Textile Exchange sets social requirements for all Global Recycled Standard (GRS) certified sites, as well as Responsible Wool Standard (RWS) farms and Responsible Mohair Standard (RMS) farms. For the rest of the standards and sites where social requirements are out of scope, Textile Exchange has taken the following actions in 2020:
1. Textile Exchange updated The Content Claim Standard (CCS) Certification Procedures (released June 1, 2020 and effective September 1, 2020) to include a new allowance for certification bodies to take action should they witness unacceptable practices.
“The certification body should issue a critical non-conformity to any organization or site where evidence suggests that any of the following practices (collectively, the unacceptable practices) are occurring:
The worst forms of child labor, as defined by ILO C182 – Worst Forms of Child Labour Convention, 1999 (No. 182); or
Forced labor, as defined by ILO C029 – Forced Labour Convention, 1930 (No. 29).
This is currently treated as a recommendation and is not required to be audited against. The discussion of whether this becomes a mandatory auditing requirement will be addressed with the CCS International Working Group.”
2. In October, the List of Banned Organizations was updated to prevent companies that have been sanctioned by the U.S. government – including entities that are high risk for forced labor – from becoming certified with the following language:
“No entity with which the United States government has limited or prohibited certain economic or trade activities (such entity, a “restricted entity”), including but not limited to any entity listed in the U.S. Department of the Treasury’s Office of Foreign Assets Control (OFAC) List of Specially Designated Nationals and Blocked Persons (https://home.treasury.gov/policy-issues/office-of-foreign-assets-control-sanctions-programs-and-information) or subject to any enforcement action under Section 307 of the Tariff Act of 1930 (19 U.S.C. § 1307) (prohibiting the importation of merchandise produced by forced or indentured labor), shall be eligible for certification to any Textile Exchange standard. In the event that a certified party is identified as a restricted entity, the certification body shall immediately notify Textile Exchange and withdraw the certification of such restricted entity.”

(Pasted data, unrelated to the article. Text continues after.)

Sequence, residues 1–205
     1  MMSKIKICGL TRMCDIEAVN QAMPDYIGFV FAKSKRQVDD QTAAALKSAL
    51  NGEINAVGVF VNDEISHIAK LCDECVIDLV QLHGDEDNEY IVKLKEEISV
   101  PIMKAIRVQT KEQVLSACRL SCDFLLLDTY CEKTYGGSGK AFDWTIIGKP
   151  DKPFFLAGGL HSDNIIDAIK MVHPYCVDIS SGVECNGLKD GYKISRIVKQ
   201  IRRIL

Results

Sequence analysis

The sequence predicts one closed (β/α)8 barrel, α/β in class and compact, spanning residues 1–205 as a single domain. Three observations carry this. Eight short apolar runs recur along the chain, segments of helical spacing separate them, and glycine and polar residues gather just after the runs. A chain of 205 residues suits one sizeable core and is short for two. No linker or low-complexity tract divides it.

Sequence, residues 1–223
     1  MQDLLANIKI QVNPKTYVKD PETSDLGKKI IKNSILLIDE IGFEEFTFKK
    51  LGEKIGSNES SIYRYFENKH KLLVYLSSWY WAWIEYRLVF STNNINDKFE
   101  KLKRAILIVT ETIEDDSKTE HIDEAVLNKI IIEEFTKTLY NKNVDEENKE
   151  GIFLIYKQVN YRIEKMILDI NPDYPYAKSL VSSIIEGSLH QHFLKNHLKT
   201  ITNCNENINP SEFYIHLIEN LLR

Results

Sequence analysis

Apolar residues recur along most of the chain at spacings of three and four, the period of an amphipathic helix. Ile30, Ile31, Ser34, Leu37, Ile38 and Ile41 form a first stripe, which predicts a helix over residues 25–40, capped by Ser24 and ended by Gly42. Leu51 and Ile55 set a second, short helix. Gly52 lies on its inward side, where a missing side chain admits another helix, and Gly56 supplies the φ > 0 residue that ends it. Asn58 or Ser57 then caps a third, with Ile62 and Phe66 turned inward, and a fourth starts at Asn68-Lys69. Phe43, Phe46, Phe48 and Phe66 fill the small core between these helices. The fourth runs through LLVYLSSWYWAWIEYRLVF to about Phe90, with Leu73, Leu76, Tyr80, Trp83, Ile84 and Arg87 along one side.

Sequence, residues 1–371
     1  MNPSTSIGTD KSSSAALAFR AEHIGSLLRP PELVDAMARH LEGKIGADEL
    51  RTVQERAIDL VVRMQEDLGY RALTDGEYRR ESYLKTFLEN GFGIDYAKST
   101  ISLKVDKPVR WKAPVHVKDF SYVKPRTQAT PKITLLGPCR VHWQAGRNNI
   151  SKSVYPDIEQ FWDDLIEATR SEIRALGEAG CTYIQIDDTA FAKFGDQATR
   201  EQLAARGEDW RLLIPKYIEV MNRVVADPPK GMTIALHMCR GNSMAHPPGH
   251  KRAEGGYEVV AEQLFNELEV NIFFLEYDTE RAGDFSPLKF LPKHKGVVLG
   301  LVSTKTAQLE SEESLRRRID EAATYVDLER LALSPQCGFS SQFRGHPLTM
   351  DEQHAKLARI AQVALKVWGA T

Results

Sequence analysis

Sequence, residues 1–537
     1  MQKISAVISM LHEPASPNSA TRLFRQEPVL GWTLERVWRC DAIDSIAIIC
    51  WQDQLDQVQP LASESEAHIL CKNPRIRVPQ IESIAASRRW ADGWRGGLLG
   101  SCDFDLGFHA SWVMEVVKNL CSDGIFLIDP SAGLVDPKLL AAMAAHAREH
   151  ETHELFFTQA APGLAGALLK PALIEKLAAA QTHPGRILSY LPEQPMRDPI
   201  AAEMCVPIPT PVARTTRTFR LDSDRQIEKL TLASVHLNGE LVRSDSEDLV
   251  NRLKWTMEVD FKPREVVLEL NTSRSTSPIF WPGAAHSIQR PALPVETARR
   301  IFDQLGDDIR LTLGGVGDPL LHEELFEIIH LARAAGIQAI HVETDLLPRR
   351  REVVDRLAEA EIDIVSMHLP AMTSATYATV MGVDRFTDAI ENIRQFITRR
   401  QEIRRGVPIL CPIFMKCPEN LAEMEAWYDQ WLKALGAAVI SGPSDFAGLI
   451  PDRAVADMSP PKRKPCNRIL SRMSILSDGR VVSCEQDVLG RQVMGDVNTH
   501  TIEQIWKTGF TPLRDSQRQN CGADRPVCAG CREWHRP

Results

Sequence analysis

3. Textile Exchange now allows the raw material’s “country/region of origin” to be included on all transaction certificates. Again, before this becomes mandatory for all materials on all transaction certificates, a required review and feedback period are required, but it is expected to become mandatory with an updated certificate policy and template in 2021. When this information is carried forward on all transaction certificates, it would allow companies to make sourcing decisions of their own that may be out of the scope of Textile Exchange standards. To join this revision process, contact us.
Apart from standards work, Textile Exchange exists to be a source of guidance and collective action to solve problems in the textile industry and therefore will continue to provide value through educational events and materials.